Tuesday, February 16, 2010
It's the New Coke
For all those who took a flier on "sex addiction" as the next big Celebrity Cop-Out Affliction at handsome 12-1 odds, please report to the cashier with your bet ticket in hand to receive your winnings. At one point it was booze, later it was drugs of varying intensities, and in between you'd see dashes of gambling and the occasional kleptomania (how you doing over there, Winona Ryder?). Now it appears that sex addiction has taken its turn as the en-vogue thing for famous people to hide behind when they make bad decisions.
First, David Duchovny goes into rehab for sex addiction after portraying, of all things, a man unable to resist the deep urges on the show Californication. Then Tiger Woods' wife gives him a worse beating than Rocky in the first Clubber Lang fight, and he is spotted months later at a sex rehab clinic in BrettFavretown, Mississippi. Now it's on to our boy Steve Phillips, the much-maligned (or much-celebrated, depending on who you root for) ex-GM of the New York Mets, who this past fall was ushered out the door at ESPN after his affair with the creature above became public. and just recently gave an interview with Matt Lauer to tell his sex-addict tale.
So the Average Nobody can cheat on their spouse (note that I didn't say 'wife,' because not all you ladies out there are made of Teflon either) and they're labeled a dirtbag, a scoundrel, a selfish and devious animal. But if you're rich and famous and you cheat on your significant other, now you can just play the sex addiction card and it's just supposed to be okay? Let's get one thing straight. You can't claim "addiction" and all of a sudden be absolved. You're not born addicted. It's not hereditary. If you become an alcoholic, or you smoke until your lungs turn black, it's an addiction that you walked yourself into by not being able to say "that's enough." You get a charge out of getting away with something, and you do it again and again chasing that first high until you're out of control.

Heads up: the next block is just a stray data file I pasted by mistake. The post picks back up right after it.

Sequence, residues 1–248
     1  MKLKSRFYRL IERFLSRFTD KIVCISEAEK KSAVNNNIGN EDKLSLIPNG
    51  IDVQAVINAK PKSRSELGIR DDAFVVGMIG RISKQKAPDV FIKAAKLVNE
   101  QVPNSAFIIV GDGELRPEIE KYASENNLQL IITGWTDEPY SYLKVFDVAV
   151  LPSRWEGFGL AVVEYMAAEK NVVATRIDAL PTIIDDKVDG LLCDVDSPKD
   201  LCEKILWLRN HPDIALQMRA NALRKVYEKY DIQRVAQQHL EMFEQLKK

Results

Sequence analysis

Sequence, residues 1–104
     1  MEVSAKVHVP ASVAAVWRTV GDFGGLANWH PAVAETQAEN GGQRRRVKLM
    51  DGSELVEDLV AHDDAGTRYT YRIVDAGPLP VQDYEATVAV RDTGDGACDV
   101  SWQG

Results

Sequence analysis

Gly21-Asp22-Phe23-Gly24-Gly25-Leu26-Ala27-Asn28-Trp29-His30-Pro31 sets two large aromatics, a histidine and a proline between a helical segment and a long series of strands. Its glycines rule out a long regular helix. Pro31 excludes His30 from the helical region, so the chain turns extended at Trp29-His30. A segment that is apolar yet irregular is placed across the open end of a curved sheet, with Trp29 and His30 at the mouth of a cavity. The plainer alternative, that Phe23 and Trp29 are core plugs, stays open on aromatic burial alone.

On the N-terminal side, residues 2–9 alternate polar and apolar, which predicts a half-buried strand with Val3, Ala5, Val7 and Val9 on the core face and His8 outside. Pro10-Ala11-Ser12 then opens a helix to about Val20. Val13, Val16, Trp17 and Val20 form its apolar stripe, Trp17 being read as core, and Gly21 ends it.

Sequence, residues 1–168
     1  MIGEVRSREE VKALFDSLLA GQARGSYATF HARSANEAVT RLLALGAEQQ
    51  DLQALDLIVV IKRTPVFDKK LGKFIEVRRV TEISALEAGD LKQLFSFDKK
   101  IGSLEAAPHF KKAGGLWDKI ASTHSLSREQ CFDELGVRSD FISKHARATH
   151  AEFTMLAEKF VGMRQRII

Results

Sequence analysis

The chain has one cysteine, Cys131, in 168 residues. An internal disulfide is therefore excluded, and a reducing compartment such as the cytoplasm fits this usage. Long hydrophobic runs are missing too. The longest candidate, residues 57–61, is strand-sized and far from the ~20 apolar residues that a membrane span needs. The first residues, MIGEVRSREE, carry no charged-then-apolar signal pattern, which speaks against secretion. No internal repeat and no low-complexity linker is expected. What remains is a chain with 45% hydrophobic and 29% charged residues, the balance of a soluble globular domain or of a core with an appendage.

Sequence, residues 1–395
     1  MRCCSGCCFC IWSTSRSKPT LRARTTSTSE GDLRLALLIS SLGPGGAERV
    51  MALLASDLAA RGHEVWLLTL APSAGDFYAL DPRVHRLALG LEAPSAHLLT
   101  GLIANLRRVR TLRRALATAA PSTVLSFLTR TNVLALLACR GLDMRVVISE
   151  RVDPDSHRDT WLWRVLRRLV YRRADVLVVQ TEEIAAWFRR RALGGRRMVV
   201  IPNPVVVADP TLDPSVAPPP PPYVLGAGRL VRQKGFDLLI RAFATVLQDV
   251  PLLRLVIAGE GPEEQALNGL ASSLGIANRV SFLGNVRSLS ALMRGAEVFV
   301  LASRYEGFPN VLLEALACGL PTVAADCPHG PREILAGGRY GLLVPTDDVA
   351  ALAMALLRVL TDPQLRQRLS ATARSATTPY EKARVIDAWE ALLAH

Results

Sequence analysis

But that's just the way it goes. Money, fame, and power don't make problems go away, but they can deflect a substantial amount of attention away from the problem; and when that isn't enough, they can be used to forge your way into an exclusive and expensive rehab facility that will certainly make a sympathetic case out of you in due time. To offer an analogy, in the Uno game of life, the rich and famous have a lot more Draw-Four Wilds than any of us do.
On second thought, I may have to make an exception with Steve Phillips. You'd really have to be a sex addict to sleep with a mud-wallowing wildebeest like that.